The Miranda rights or warning was enacted after the Supreme Court ruled that the 5th and 6th amendment rights of Ernesto Arturo Miranda had been violated when he was arrested for rape and kidnapping.
When making an arrest a police officer doesn’t have to cite the Miranda warning in a certain order, but needs to convey to the arrested person their rights, in a way they can understand.
The Miranda law was enacted after the Supreme Court ruling in the Arizona vs. Miranda decision in 1966. There have been numerous court rulings in different aspects of the law since then, but the basic Miranda rights still apply today.
The state of Virginia has a line that allows a suspect being questioned to terminate the interview at any point and exercise their Miranda rights.
There are some circumstances when a suspect may be read their rights, but may not be capable of understanding what they mean because of a developmental disability. It is not clear to me what would be done in this situation, but someone reading this may be able to clarify the situation.
Sometimes a police officer has to take the safety of the public into account when arresting someone, so the Miranda warning is not read until after the suspect has been handcuffed.
The following paragraph from Wikipedia outlines the six factors needed for Miranda to apply:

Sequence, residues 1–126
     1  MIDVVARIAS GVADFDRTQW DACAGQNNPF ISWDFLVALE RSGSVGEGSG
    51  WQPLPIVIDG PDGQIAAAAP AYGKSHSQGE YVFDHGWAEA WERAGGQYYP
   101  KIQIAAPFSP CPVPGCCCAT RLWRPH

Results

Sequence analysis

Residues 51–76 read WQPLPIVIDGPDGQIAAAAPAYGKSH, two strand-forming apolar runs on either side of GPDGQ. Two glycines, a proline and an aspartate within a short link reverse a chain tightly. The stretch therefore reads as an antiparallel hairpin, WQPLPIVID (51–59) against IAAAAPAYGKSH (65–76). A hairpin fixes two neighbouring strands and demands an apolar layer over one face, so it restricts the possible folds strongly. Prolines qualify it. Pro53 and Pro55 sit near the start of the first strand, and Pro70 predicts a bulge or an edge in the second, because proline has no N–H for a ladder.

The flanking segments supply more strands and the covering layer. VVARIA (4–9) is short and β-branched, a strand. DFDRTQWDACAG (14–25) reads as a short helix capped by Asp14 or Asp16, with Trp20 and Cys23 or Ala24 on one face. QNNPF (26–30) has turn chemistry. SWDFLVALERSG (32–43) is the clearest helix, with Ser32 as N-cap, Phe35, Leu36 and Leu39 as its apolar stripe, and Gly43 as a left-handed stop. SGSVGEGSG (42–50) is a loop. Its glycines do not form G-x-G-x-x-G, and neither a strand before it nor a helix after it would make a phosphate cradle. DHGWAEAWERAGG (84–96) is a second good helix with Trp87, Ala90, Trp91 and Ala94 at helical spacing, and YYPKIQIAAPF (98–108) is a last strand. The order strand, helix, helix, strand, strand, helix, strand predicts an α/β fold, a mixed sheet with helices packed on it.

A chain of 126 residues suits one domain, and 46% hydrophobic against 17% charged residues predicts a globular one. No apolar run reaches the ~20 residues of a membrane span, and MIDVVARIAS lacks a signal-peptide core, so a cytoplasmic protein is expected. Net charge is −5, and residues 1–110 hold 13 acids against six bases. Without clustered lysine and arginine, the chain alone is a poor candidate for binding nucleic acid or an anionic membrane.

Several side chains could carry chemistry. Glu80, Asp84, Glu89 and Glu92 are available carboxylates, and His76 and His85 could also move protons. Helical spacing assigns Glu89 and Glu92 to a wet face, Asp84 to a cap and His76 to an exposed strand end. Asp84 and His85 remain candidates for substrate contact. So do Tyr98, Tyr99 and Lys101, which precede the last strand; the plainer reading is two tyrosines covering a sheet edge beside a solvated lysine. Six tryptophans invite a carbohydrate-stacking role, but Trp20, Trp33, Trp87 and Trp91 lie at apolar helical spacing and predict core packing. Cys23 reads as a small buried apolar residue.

The Miranda rule applies to the use of testimonial evidence in criminal proceedings that is the product of custodial police interrogation. Therefore, for Miranda to apply six factors must be present:
- evidence must have been gathered
- the evidence must be testimonial
- the evidence must have been obtained while the suspect was in custody
- the evidence must have been the product of interrogation
- the interrogation must have been conducted by state-agents and
- the evidence must be offered by the state during a criminal prosecution.
Undercover law enforcement officials do not have to read the rights to a suspect, since the undercover official may jeopardize his own safety by revealing he is a police officer.
ERNESTO ARTURO MIRANDA
The first time Ernesto Arturo Miranda was arrested for kidnapping and rape the Supreme Court ruled that suspects should be read their Miranda rights in the Miranda vs. Ariz. case. Miranda was retried and convicted, even with his admission of guilt being thrown out.
He was sentenced to 20 to 30 years, but was out on parole in 1972 so didn’t spend much time behind bars. Miranda saw a way to make money off his name, by selling autographed Miranda rights cards for $1.50.
Miranda was later arrested for gun possession but the charges were dropped. He was still sent back to prison for a year for violating his parole, but it is confusing as to why he would be sent to prison if the charges were dropped.
Miranda’s life would come to an end when he was stabbed during a card game in a Phoenix bar. Ironically he had several Miranda cards in his possession at his death. Even more ironically the suspect used the Miranda rights to remain silent and was released. The murderer was never apprehended.
His life ended 10 years after the Miranda rights law had gone into effect.
Readers are welcome to comment and give additional information about the Miranda rights.